By 297 C.E., things appear little changed. The Western Roman Empire is in its waning days, and chaos and disintegration threaten its decadent realm. But overall, in Africa, Asia, Australia and the Americas, human life continues much as it has for millennia, and world population is only slightly larger than it was three centuries earlier. North and South America combined boast a modest 7 million residents or so. Rates of population growth were so tiny that the change in population size from one generation to the next, or one century to the next, was all but imperceptible.
|Global population density and distribution in the year 1000 C.E.|
Jumping ahead seven centuries all the way to the year 1000 C.E., the rate of population growth has become noticeably faster, but still a snail’s pace compared to today’s. The number of people in the Americas has doubled to about 15 million, but it took 700 years to accomplish this doubling. In the 20th century, the population of the Americas doubled in less than 40 years.
In what is now the United States and Canada combined, there are a mere 3 million indigenous residents, less than 1 percent of the 360 million at present.
|Global population density and distribution in the year 1808 C.E.|
Moving forward another eight centuries, to the year 1800 or thereabouts, human beings finally reach the milestone of 1 billion, after tens of thousands of years of slow, steady growth, with a few setbacks from epidemics like the Black Death in the 1300s. The growth rate has begun to accelerate in recent centuries, but it is about to become dizzying with the Scientific and Industrial Revolutions and the colossal exploitation of fossil fuels, increased food production and improved life expectancy these made possible.
|Global population density and distribution in the year 2000 C.E.|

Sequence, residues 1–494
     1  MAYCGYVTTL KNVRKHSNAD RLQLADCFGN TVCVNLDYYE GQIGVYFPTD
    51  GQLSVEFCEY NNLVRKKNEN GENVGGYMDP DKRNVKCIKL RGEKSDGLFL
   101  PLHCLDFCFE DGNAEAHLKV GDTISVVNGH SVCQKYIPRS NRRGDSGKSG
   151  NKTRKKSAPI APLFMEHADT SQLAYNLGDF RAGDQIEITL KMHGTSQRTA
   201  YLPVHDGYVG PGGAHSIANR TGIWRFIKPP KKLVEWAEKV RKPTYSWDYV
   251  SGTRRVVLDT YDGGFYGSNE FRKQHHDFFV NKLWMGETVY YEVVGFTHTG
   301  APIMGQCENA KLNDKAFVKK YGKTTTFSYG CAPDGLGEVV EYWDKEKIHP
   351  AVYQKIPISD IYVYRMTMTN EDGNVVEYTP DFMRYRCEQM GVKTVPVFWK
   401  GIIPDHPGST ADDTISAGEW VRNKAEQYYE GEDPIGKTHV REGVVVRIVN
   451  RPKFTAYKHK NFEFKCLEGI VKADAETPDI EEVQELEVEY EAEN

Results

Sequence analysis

By 2000, the end of the second millennium, the so-called Green Revolution, a sort of advanced Agricultural Revolution (breeding of high-yield crops, and use of inputs such as fertilizers, pesticides and irrigation water to agriculture), helped us avoided mass starvation and contributed to a global population of about 6 billion. And now we are at 7.4 billion and counting.
At present, demographers foresee no end in sight to growth, that is, no population peak, even out to the year 2100.
However, they may be wrong though, because their model projections assume that there will always be enough food, water, resources and a benign climate – that none of these will become limiting alone or in combination. That is, demographers and economists assume that the environment and the Earth are but a passive stage upon which humanity struts its stuff. But all of these assumptions are dubious at best, given what agricultural scientists, hydrologists, geologists and climatologists tell us.
In other words, humanity’s demographic destiny may be out of our hands. It is – and always was – rank hubris to believe that humans alone can choose how large our presence and how heavy our demands on the planet will be, and that limits to growth imposed by the Earth itself have no bearing on this choice.